Most birders know that seabirds aren’t dependent on fresh water, but that’s only partly true, because if seabirds are in rehabilitation from injury or oiling or are orphaned chicks being hand-reared and taught to swim, they need fresh water – and plenty of it!
When the facility providing such help is located in drought-devastated Cape Town with its escalating water tariffs, this vital resource comes at an enormous monetary cost.
That’s what the Southern African National Foundation for the Conservation of Coastal Birds – universally known as SANCCOB – has discovered the hard way. Its monthly municipal water bill rocketed from close to R15 000 in November 2017 and again in December to R20 000 in January 2018 and almost R26 000 in February before pushing R35 000 in March and April, despite proportionately fewer birds being treated.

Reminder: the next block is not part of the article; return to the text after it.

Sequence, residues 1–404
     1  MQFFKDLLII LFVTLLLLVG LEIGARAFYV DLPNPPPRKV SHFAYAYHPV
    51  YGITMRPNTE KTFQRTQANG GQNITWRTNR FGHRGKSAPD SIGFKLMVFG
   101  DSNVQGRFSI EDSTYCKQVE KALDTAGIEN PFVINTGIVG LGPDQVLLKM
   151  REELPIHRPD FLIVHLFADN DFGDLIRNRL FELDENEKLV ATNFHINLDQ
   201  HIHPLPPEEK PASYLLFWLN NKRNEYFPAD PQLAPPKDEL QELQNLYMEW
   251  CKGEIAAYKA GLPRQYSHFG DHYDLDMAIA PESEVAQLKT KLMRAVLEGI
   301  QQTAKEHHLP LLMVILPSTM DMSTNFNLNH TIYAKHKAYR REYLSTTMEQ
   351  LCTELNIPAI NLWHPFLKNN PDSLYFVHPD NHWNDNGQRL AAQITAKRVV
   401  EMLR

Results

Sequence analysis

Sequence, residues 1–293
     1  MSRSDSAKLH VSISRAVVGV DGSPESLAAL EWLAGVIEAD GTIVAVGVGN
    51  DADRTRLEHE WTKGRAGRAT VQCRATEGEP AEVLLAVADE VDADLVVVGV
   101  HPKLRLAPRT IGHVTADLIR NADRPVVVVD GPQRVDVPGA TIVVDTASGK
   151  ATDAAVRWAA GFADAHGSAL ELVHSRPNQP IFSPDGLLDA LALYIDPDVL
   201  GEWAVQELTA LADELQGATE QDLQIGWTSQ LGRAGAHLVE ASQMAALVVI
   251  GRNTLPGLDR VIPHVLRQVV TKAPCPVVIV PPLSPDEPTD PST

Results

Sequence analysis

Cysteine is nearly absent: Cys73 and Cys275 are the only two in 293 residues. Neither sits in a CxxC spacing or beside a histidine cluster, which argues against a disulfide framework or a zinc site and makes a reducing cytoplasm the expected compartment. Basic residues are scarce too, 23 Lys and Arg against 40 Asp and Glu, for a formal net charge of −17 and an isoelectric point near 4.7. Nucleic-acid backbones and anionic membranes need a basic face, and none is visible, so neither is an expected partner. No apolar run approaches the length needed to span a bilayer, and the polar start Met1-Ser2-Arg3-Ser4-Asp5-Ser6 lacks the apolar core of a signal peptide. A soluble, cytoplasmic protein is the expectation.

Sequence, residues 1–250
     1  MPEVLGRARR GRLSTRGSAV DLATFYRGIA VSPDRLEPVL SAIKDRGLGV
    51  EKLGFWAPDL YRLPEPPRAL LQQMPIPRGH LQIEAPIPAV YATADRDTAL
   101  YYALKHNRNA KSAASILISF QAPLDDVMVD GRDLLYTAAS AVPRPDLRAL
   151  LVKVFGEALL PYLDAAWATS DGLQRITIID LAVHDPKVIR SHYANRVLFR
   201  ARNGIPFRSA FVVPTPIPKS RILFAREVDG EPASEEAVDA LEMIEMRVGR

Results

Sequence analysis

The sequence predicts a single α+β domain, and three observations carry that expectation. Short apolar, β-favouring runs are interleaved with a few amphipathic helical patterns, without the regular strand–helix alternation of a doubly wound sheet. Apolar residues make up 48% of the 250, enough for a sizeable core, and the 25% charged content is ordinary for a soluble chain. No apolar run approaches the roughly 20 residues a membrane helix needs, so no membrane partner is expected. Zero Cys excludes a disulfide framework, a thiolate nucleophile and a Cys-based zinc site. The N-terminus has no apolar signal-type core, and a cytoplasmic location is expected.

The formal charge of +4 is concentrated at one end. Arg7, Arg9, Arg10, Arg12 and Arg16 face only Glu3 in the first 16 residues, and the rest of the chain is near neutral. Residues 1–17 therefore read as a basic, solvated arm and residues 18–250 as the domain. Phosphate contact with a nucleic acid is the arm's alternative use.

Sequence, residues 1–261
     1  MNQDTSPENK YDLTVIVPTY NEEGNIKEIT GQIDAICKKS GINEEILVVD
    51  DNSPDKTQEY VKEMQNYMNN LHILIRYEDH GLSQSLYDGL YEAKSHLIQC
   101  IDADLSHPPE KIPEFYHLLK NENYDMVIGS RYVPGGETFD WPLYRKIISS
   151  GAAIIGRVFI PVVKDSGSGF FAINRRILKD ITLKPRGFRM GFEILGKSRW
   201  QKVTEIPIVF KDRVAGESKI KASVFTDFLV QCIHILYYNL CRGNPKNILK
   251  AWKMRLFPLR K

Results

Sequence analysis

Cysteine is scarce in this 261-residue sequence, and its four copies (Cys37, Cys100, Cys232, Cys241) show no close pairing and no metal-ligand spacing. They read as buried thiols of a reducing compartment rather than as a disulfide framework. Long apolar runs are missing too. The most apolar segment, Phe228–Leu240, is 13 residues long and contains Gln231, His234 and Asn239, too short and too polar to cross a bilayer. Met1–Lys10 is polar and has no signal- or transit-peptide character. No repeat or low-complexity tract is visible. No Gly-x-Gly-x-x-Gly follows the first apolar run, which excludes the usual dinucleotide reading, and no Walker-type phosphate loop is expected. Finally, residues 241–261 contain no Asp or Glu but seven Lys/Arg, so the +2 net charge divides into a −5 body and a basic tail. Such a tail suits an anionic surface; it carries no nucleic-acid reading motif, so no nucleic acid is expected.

‘Ja, I’m stressing!’ SANCCOB chief executive officer Dr Stephen van der Spuy acknowledges. ‘I have to find funding to pay for that. It’s really hard. You can’t criticise anyone for what’s happening – there’s just no water.’
Now, fortunately, one of Africa’s largest private trusts supporting conservation – the Hans Hoheisen Chari